Summary: Genuine Christian fellowship must go beyond the superficiality of Facebook.

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Rev. David Holwick

First Baptist Church

Ledgewood, New Jersey

October 10, 2010


Hebrews 10:23-25


Please open your Bible to Hebrews Chapter 10, starting in Verse 23.

Let us hold unswervingly to the hope we profess, for he who promise is faithful and let us consider how we may spur one another on toward love and good deeds. Let us not give up meeting together the summer and the habit of doing but let us encourage one another and all the more as you see the day approaching.

Every Tuesday Celeste and I go to the movies because we have one of those CableVision promotion cards that allows us to get in for free. Half of Roxbury Township apparently has that same card so the theater is always packed to the rafters. But this last week we saw the current hit, "The Social Network," about the early history of Facebook. And some of you probably had no idea what Facebook is but not too many of you because around the world there are five hundred million members of Facebook. And I counted up my friend list on Facebook and fifty six of you are my friends. Most of my “friends” are very young, with a few older ones - the retirees don’t tend to be on that as much. I actually have two hundred and thirty-two friends altogether. About a third of them I have never met before, I have no idea who they are but I didn’t want to insult them when they asked to be my friend so they’re on my list. It’s interesting that according to the movie, Facebook founder Mark Zuckerberg has a hard time making friends himself. As a matter of fact by the end of the movie he has alienated the few that he has and he’s getting sued by most of them. But there’s an opening scene in which Zuckerberg is trying to date a girl from Boston University and it’s going downhill real fast and Celeste nudged me and said, “That’s our first date.” So I have much in common with this man except for his multi-billion-dollar net worth.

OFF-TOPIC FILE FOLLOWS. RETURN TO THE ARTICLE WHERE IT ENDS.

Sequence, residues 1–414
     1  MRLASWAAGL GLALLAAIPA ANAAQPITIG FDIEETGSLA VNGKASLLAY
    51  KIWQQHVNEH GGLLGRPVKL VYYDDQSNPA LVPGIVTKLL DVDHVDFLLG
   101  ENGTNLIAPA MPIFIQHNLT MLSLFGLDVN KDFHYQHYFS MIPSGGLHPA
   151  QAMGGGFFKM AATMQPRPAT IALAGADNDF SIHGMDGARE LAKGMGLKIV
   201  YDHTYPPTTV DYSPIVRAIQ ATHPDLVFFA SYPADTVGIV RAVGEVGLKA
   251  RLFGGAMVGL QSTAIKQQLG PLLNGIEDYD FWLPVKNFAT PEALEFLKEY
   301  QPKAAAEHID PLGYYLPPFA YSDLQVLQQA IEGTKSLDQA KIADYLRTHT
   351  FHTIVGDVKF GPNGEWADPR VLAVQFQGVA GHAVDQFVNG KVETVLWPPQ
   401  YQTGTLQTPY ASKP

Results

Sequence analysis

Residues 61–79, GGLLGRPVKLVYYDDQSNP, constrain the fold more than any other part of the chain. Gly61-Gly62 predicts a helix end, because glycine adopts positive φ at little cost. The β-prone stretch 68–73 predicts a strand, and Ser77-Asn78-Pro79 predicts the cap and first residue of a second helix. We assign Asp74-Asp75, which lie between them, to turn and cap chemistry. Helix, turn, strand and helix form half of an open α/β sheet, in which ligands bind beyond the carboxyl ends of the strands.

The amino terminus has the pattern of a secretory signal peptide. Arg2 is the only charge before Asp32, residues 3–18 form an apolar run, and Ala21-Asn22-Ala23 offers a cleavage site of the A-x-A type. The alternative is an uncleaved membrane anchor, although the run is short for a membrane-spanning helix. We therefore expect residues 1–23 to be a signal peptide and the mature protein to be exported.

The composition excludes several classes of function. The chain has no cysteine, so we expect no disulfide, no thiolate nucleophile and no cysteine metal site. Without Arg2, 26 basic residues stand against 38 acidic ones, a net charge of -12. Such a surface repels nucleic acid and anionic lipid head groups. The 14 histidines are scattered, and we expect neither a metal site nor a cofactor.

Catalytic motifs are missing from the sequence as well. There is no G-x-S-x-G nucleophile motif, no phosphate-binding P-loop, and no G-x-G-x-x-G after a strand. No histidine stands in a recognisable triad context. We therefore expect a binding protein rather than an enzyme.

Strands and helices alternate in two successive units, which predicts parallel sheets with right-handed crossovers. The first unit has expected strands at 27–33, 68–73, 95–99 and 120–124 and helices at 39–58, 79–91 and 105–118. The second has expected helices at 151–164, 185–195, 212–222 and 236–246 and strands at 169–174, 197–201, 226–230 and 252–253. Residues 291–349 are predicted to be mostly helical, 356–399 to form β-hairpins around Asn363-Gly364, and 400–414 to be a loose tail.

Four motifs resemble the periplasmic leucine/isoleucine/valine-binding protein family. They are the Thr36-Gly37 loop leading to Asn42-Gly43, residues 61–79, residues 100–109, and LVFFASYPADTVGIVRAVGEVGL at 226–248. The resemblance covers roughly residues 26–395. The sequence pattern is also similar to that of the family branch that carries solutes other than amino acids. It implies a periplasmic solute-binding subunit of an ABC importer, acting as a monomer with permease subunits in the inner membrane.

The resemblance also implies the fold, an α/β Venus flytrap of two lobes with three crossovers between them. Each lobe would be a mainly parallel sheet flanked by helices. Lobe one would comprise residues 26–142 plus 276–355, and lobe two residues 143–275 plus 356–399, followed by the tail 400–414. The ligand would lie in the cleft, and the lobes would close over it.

A lot of people have noticed that in a Facebook generation we know more and more people. We’ve got all these connections yet so much of it doesn’t seem to do us any personal good. So much of our relationships seem very superficial. And some people out there fall through the cracks completely. Back in November 1998 a landlord in Bonn, Germany, entered into an apartment because the guy had stopped paying his rent. The rent check had always gone to his bank and it was paid automatically but all of a sudden the bank said that account was closed now. So the landlord knocked on the door, got no answer, got a key and he went in and he found Wolfgang Dirks sitting in front of his television set. Or at least what was left of him - he was just a skeleton. His TV was in the “on” position, although it was no longer working, and Christmas lights were wrapped all around the apartment. And the landlord thought that was kind of unusual because it was the beginning of November, why does he have these up so early? Well, it turns out there was a TV Guide by his side dated December 5th, 1993, five years before they found his body. The police say that we can’t determine exactly when he died so they just took the date on that TV Guide and that’s what is listed on his death certificate. None of his neighbors had noticed or made any comment or sought him out and what I found interesting was this is not some ninety-year-old guy. He was forty-three years old! [Illustration #6338]

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